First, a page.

We go from business to business, sharing acquired knowledge in the same way that bees pollinate flowers.
It helps our clients make sustainability and CSR improvements faster.
Every company is different, but the challenges they face often bear a striking resemblance to those we’ve helped previous clients to overcome in the past.
As a learning organisation, we place great stock in debriefing at the end of client projects in order to examine whether we’ve learned anything new that might prove useful in the future. If we have, we record that and we might even make changes to our approaches or processes and procedures in order to ensure that any lessons learned are implemented in the future.
It’s this Learning From Experience (LFE) ability that makes consultants like us so valuable.
Where LFE adds value
Like the bee that collects pollen from one flower to then deposit some of it one another, we collect knowledge from one client and share that with others.
Because we work with multiple clients, across industries, we’re constantly presented with learning opportunities – opportunities that staff in client businesses miss out on because they only tend to see what goes on within their own organisation.
It translates into value for our clients by shrinking the length of time it takes to go from problem identification through idea generation and solution selection, to implementation and improvement.
That time saving can add-up to a considerable cost saving.
Interval vs external cost
A common reason why businesses will try a DIY solution using in-house people resources is because they don’t recognise that as a cost: the people involved are going to be paid regardless, and so they’re an overhead, whereas a consultant’s fee results in much more obvious and tangible expenditure in the Profit & Loss account and an additional cash outlay.
But it is often a false economy because of that lack of LFE that exists within businesses.
Here’s what we mean:
Imagine that an employee earning £20,000 a year is given the task of delivering a sustainability or CSR-related improvement, and allocates 1 day a week of their time to the project. That 1 day is worth around £88 (when Employer’s National Insurance is added).
They’ll typically spend around 3 months researching and getting familiar with the options that might be available, speaking to colleagues and engaging them in their project. That’s 12 weeks of £88, or £1,056. And so far, nothing has changed. They’ll spend at least a month working through a process of optioneering to try and determine the most appropriate course of action (another £352) and then a couple of weeks seeking to obtain management approval for changes (£176), another couple of weeks explaining to colleagues about the upcoming changes (£176). And then they might spend 3 months on implementation (£1,056). That’s a total of 8 months from beginning to end, at a direct cost of £2,816.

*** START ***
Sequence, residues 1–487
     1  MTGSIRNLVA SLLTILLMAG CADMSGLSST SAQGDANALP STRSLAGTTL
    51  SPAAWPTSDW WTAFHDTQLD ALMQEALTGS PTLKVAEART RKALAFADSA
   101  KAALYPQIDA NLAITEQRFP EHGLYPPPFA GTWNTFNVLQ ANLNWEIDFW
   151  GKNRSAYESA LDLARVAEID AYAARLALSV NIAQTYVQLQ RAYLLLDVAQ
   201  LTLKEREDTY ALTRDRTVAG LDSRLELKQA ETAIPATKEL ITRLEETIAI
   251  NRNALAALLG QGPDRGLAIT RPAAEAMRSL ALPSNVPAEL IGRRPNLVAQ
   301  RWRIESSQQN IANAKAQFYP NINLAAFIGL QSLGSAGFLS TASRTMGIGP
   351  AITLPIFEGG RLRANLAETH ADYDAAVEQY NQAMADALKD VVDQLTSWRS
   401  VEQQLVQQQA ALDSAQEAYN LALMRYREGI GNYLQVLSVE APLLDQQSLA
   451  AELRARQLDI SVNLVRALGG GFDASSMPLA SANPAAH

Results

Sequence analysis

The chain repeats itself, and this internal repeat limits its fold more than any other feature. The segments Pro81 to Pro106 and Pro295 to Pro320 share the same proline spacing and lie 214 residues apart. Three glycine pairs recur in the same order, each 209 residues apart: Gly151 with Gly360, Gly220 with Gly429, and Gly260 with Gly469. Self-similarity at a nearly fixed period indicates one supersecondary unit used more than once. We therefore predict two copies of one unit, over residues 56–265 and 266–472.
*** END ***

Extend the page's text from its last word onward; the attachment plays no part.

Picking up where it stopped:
But then, of course, there’s the opportunity cost to consider – what would that employee have achieved in their normal job over those same 32 days on which they’ve been engaged to deliver a project in a discipline with which they are unfamiliar?
A good consultant, on the other hand, might charge around £800 per day for their time and expertise but their external costs are essentially offset by the fact that they are able to accelerate the entire process by identifying the right solutions in less time, and by shrinking the cycle so you start to accrue the benefits of your changes sooner.
In the example above, it’s quite possible that you could achieve the same end result, but quicker, with just 3 days of consultant’s time (£2,400) and without having to distract an existing employee from their normal duties.
What you get for your money
When you work with a sustainability and CSR consultant, you’re accessing a breadth and depth of knowledge that doesn’t already exist in your business.
You’re working with someone that’s probably seen similar issues elsewhere, and therefore has a better grasp of where to start and what’s most likely to work in your situation.
That’s not to say that it’s a ‘cut-and-paste’ every time because it’s not – or at least, it shouldn’t be, and that’s the difference between a good consultant and a bad one, because whilst transferring acquired knowledge from elsewhere, it’s still necessary to import ideas with an understanding of the organisation to which they are being transplanted. Misunderstand it’s culture and capabilities and your solution won’t work.
If you’re working with a good consultant, you’ll find that implementing improvements is quicker and less problematic than if you seek to do it on your own.
This isn’t a sales pitch, it’s a guide to making beneficial changes in a way that will help power your growth by making the best use of the resources at your disposal.
…but, if you should find you want some assistance in the pursuit of your sustainability and CSR goals, [email protected]